RUSSIA & UKRAINE – Johnson’s Russia List table of contents :: JRL 2016-241 :: Saturday, 31 December 2016

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Johnson’s Russia List :: JRL 2016-#241
Saturday, 31 December 2016

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1. Christian Science Monitor: Fred Weir, Despite political clout, Russian seniors find later life options limited. Though their numbers are increasing and their voting bloc powerful, elderly Russians generally lack either the savings or sufficient government pension to finance a comfortable retirement.
2. Statement by the President of Russia.
3. Oliver Carroll, Putin’s Masterstroke of Nonretaliation. In refusing to expel U.S. diplomats in response to President Obama’s sanctions, the Russian leader pulled another fast one on the White House.
4. Medium: Jeffrey Carr, FBI/DHS Joint Analysis Report: A Fatally Flawed Effort.
5. Ars Technica: Dan Goodin, White House fails to make case that Russian hackers tampered with election. US issued JAR billed itself as an indictment that would prove Russian involvement.
6. Rolling Stone: Matt Taibbi, Something About This Russia Story Stinks. Nearly a decade and a half after the Iraq-WMD faceplant, the American press is again asked to co-sign a dubious intelligence assessment.
7. Alexander Mercouris, Straight out of a spy film: here’s why Obama’s attributions of the Clinton hacks to Russia’s GRU and FSB don’t add up. The attribution of the Cozy Bear and Fancy Bear hacking groups to (respectively) the FSB and the GRU, looks groundless and arbitrary, and appears to be contrary to the remit of these agencies, casting further doubt on the claims of Russia’s responsibility for the hacking of the DNC and Podesta.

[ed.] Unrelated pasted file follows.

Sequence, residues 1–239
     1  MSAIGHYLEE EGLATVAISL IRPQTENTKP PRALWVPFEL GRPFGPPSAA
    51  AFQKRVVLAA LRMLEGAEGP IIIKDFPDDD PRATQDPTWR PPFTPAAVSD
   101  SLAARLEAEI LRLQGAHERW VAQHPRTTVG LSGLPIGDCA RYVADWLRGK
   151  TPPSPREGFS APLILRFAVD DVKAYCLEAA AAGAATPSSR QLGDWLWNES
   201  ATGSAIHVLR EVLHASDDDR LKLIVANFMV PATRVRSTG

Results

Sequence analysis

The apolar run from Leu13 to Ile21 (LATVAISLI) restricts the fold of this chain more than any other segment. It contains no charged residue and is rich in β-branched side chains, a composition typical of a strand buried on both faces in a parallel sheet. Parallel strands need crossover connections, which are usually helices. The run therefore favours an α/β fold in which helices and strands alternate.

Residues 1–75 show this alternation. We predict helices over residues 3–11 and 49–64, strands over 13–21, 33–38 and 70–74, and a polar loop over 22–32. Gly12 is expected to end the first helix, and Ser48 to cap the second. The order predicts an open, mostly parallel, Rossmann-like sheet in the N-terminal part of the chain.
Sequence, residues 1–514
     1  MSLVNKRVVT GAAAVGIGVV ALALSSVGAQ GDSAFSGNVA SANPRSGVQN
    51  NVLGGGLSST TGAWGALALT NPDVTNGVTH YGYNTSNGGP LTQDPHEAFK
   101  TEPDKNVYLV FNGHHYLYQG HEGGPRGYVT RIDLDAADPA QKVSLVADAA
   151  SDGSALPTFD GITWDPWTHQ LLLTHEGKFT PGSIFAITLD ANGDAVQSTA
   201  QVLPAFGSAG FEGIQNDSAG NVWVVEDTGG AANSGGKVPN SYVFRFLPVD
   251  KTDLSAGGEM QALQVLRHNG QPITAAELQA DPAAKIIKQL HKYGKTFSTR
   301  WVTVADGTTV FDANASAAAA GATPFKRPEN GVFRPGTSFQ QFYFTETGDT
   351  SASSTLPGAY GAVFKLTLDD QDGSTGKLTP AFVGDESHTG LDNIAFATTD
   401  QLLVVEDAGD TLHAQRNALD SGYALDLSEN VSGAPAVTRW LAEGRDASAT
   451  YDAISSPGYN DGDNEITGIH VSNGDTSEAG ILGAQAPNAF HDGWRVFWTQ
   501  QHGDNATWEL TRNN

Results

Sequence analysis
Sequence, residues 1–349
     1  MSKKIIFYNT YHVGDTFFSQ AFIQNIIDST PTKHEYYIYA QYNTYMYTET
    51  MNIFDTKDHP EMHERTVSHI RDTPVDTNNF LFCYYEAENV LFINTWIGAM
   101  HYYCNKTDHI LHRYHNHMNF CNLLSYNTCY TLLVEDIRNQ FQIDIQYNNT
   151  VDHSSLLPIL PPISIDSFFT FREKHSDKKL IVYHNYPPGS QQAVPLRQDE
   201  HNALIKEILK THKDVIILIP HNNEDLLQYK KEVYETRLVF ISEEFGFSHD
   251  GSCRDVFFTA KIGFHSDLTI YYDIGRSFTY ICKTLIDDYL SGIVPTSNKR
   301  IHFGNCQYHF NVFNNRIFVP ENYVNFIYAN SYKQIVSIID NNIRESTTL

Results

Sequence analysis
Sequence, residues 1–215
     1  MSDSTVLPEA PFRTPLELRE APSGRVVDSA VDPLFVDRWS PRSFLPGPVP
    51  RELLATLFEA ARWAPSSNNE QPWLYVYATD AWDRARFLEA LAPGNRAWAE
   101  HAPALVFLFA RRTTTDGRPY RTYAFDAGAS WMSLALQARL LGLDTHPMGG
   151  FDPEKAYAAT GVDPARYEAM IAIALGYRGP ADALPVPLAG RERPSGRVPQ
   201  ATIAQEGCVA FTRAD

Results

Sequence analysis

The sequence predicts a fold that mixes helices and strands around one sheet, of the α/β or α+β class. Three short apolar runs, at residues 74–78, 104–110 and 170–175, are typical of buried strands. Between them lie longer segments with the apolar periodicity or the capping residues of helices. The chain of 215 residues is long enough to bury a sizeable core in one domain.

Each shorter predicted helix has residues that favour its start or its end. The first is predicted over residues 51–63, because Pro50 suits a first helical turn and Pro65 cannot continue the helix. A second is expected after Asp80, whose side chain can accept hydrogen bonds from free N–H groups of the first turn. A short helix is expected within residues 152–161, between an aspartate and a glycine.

8. Creator of NSA’s Global Surveillance System Calls B.S. On Russian Hacking Report. (William Binney)
9. ‘Russian hackers’ penetrate US power grid with ‘outdated Ukrainian malware’
10. Kenneth Rapoza, Wrong Again: Russia’s Anglo-American School Not Closing To Spite Obama.
11. Valdai Discussion Club: Fyodor Lukyanov, EXPULSION OF RUSSIAN DIPLOMATS IS AN ACT OF COLD WAR.
12. The National Interest: Nikolas Gvosdev, Russia Sanctions: What Will Congress Do? Are enough Republicans in Congress interested in constraining Trump’s freedom of action on Russia, and would an outgoing Obama administration be willing to use its last “lame duck” days in office to sign such legislation?
13. The National Interest: Thomas Graham, Russian Hacking: Obama’s Actions, Trump’s Options. For the incoming Trump Administration, the task is to find a way to defuse tensions consistent with American interests and purpose.
14. Russia Direct: Ivan Tsvetkov, The final endgame between Putin and Obama. Vladimir Putin’s restrained response to U.S. cyber sanctions could be an effort to ease the transition process for U.S. President-elect Donald Trump. But will this strategy really pay off?
15. Danielle Ryan, Three reasons for Obama’s new Russia sanctions that have nothing to do with ‘hacking’
16. Russia Observer: Patrick Armstrong, Strong Russia, Fake News.
17. Jonathan Marshall, Summing Up Russia’s Real Nuclear Fears. The mainstream U.S. media’s relentless Russia-bashing has obscured Moscow’s legitimate fears about Washington’s provocative nuclear-missile strategies, which could lead to Armageddon.
18. Denis Corboy, William Courtney, and Kenneth Yalowitz, No Quick Fix with Russia. Trump’s success in maintaining U.S.-Russia relations turns on small steps forward, not a total reset.
19. Carter Page, Washington’s privatization: Taking knocks, learning lessons & moving on with Russia.
20. Russia Direct: Galiya Ibragimova, What threats will Russia and the world face in 2017? As 2016 comes to an end, pundits are coming up with gloomy forecasts for 2017 based on the wide range of geopolitical threats currently facing Russia and the world.
21. New York Times: Trump Gets an Opening from Russia, but the Path Is Risky.
22. Evelyn Farkas, Why Trump Would Be Crazy to Give Putin What He Wants. Trump says it’s time to “move on to bigger and better things.” What could be bigger than hijacking American democracy?
23. Washington Post editorial: Trump refuses to face reality about Russia. The U.S. cannot just “move on” from Vladimir Putin’s dangerous behavior.

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